Trust a security professional to focus on an obscure aspect of a story and disappear down a rabbit hole (so to speak). The thing is, the story-within-a-story that Schultz wrote in that series of Peanuts comics caught my attention as a kid. Young me tried to find the meaning in the story. Why did the maid scream? Who slammed a door? Why?
“Surely,” eight-year-old me argued, “you’d prioritize taking cover stealthily over slamming a door and, thereby, drawing the shooter’s attention your way.” (not an exact quote)
When I asked my father those questions, he explained the concept of media tropes. When he was growing up, everyone listened to radio drama. Since the audience couldn’t see a scene, radio actors relied on common sound effects to provoke the desired emotional reaction. Having a character scream in response to a narrated event prompted the listener to feel fear for the character and to picture that character in danger. This helped the story achieve verisimilitude, which helped the audience grow more invested in the story.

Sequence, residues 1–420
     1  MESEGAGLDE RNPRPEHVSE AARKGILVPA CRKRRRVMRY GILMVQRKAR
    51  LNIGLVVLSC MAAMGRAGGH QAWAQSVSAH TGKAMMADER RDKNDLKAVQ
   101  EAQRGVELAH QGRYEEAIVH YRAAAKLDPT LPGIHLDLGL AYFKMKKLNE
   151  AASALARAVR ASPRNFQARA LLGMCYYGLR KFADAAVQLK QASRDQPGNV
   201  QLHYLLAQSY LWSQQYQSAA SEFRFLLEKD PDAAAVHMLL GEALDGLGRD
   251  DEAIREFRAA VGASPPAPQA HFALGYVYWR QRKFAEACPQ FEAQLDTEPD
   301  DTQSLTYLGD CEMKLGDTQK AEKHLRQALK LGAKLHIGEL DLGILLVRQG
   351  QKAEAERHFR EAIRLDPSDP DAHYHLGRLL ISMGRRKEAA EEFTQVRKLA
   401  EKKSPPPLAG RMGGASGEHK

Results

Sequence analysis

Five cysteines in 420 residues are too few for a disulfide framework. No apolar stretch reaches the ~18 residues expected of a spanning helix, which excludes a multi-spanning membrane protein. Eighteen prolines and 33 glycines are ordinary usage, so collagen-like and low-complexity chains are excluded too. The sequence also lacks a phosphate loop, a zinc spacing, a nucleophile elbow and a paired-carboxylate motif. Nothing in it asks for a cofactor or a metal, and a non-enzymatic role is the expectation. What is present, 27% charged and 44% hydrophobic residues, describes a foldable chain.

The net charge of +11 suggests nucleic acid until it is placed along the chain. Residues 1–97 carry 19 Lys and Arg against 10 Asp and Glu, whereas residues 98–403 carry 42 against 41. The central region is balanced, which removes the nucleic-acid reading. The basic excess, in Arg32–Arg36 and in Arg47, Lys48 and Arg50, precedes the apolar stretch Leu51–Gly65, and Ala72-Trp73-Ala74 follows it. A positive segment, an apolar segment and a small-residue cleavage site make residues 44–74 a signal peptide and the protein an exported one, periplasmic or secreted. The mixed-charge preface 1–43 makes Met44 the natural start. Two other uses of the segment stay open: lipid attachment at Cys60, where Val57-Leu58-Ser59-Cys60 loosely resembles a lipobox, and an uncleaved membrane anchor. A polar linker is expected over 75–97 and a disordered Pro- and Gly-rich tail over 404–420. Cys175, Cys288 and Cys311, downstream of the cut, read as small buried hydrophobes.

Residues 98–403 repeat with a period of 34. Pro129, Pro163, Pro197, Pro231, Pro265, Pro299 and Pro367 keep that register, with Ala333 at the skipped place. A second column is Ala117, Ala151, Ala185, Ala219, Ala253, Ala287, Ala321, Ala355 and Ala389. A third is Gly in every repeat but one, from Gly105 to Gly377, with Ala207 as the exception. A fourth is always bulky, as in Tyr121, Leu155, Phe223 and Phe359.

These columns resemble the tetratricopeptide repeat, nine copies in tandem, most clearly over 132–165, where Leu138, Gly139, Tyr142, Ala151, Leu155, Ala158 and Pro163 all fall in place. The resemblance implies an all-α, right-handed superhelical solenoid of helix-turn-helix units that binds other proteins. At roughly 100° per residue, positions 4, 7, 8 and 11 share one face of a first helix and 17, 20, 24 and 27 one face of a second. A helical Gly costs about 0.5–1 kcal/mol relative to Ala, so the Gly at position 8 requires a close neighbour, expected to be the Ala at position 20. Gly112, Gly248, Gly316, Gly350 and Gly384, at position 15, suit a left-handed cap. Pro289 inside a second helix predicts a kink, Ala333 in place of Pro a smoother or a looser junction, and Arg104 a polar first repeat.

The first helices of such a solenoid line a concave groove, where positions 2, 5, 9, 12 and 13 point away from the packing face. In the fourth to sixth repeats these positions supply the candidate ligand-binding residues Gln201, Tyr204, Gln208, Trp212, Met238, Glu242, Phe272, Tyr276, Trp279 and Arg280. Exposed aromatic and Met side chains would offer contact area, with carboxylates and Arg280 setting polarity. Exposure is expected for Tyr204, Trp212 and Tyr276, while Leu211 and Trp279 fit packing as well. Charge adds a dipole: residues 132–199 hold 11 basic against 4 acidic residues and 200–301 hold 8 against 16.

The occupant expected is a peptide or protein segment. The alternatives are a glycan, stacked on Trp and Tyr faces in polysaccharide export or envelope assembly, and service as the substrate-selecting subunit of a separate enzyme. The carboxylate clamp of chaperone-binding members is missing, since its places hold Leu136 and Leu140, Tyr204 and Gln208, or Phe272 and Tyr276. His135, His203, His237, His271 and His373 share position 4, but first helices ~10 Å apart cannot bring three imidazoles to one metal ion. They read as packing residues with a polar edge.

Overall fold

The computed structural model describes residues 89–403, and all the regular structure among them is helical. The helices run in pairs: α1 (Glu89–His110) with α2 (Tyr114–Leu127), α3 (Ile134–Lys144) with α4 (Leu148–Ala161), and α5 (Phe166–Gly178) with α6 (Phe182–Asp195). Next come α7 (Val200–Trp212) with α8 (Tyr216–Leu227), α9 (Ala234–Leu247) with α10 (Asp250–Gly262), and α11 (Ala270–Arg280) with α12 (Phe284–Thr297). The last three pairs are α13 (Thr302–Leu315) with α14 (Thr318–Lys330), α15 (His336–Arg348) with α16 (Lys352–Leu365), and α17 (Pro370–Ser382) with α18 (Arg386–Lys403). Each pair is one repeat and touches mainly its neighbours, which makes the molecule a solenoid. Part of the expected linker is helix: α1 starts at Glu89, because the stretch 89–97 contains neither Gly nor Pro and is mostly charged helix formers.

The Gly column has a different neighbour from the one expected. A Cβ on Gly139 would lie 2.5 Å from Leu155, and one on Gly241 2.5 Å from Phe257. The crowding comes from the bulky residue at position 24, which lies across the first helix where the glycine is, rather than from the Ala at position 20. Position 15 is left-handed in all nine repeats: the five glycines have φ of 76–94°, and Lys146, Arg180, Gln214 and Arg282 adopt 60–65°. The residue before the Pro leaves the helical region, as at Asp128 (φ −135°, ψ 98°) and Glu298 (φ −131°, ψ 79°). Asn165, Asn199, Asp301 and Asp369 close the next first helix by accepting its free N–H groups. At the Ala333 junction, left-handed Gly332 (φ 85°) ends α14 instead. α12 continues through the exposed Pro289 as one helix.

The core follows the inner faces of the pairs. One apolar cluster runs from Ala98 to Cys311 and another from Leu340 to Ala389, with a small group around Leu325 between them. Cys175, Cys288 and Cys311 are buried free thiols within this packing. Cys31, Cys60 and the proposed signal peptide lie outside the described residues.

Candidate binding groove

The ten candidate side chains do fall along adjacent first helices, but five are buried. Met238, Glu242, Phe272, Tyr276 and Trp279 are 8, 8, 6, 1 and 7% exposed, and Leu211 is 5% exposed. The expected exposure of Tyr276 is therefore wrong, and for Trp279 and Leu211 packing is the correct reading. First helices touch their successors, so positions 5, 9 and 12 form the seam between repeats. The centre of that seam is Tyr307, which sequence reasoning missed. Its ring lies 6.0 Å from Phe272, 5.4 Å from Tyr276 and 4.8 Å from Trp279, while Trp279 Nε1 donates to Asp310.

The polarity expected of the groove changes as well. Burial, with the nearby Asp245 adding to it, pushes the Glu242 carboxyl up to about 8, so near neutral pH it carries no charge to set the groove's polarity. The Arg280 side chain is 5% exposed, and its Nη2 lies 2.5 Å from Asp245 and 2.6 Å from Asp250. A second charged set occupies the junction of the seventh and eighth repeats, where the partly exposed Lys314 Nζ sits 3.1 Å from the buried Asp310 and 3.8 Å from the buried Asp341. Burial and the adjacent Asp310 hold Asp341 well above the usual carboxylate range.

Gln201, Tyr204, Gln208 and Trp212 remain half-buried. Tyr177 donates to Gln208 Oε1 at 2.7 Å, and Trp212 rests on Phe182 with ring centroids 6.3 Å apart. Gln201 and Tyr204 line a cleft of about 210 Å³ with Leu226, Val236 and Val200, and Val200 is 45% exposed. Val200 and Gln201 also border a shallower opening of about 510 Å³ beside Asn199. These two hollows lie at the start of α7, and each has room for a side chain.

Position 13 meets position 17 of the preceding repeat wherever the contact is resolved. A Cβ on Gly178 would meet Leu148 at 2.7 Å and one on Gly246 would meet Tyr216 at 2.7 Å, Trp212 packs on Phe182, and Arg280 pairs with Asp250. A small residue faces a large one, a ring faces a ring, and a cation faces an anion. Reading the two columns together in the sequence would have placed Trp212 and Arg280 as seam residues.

When Schultz wrote Snoopy’s text, he wasn’t just making up nonsense phrases; he was applying commonly understood mass media tropes. Sure, screaming wasn’t (and still isn’t) an effective reaction to sudden gunfire; Schultz wasn’t suggesting that it was. Instead, he was showing how a bad author (Snoopy) mis-used radio-specific emotional manipulation cues in a printed work to show that Snoopy – for all his charms – wasn’t a particularly good prose writer.
In the real world, people typically react to unexpected danger in one of two ways. Most people don’t react to threats at all. This can be because they can’t believe that it’s happening, can’t handle the enormity of it, or simply don’t know what to do about it. Often, people will freeze or wait for the threat to resolve itself. This is due to a natural (and often counterproductive) cognitive defence mechanism called “Normalcy Bias,” where people become abnormally calm and pretend that everything is normal during a crisis.